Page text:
Which is the best running stride according to the NY Times?
Many articles have been written regarding running stride and which style of running or stride type is best for you. The NY Times recently covered this and the answer may surprise you, however, bad habits may affect your stride and your impact with the ground in ways you could never imagine.
The truth is, we learn to walk with our own body mechanics, and learn to compensate for any inefficiencies our mechanical systems have built into them. In other words, the more we are built asymmetrically, the more we require compensation in both the lower and upper body to maintain balance when walking.
Running strides that come naturally have compensations built into them as well. This natural occurrence has recently been studied by scientists who recently published in the May International Journal of Exercise Science. They studied 19 division one runners and another group of runners who performed different activities and over two minutes on a treadmill measured natural and intentionally modified running strides and found that natural running strides were more efficient.
Their conclusion of course is that your natural stride is the best and most efficient. You can read the article here.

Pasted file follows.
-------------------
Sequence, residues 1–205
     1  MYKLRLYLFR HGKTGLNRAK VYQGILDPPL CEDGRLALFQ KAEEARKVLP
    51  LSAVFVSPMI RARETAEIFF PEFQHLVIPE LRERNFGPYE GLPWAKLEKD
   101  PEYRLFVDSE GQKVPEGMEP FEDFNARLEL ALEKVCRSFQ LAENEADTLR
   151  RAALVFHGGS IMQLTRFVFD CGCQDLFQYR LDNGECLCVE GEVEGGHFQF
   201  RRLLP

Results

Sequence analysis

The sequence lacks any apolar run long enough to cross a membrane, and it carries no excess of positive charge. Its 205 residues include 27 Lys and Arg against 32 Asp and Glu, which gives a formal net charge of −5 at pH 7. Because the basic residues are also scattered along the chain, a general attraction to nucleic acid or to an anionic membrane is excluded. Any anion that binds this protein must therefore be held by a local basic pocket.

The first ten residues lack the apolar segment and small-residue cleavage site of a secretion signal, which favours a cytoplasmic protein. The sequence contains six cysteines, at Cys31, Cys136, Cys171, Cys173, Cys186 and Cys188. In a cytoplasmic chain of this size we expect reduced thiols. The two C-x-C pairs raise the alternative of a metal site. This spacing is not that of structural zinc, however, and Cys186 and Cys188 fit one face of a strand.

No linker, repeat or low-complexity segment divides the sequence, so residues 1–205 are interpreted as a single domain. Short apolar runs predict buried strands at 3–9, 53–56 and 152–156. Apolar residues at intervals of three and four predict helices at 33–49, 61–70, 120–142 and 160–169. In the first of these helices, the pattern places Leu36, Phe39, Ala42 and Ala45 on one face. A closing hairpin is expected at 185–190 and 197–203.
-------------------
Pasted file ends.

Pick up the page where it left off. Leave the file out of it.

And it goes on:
On the other hand, it has been our experience that you can improve efficiencies in running shoes with a foot orthotic. We have done dozens of videos with and without inserts and found that with the inserts, running stride became more symmetrical as well as the counter stride from the upper back. The improved efficiency improves the ability to run faster without expending more energy. It is my conclusion that this works because leveling out the feet levels out the pelvis and improves the way the core engages.
One of the most common compensations in the upper body from an asymmetrical stride is to shrug ones shoulders and not allow them to properly counter stride in response to the lower body. When a runner does this, it is like breaking when you are trying to accelerate. This mechanism of compensation will increase the amount of energy you use and slow you down, and force you to over and under stride. This type of compensation also increases the force of impact with the ground, possibly being one of the main reasons stress fractures and stress reactions occur. By teaching runners how to relax their shoulders over a period of months, our patients experience fewer lower extremity injuries and improve their efficiency.
Perhaps, a better way to change and improve the efficiency of a runner and their stride is from the ground up, beginning with the right footwear for their body style and the right insert to level their hips and improve core effectiveness.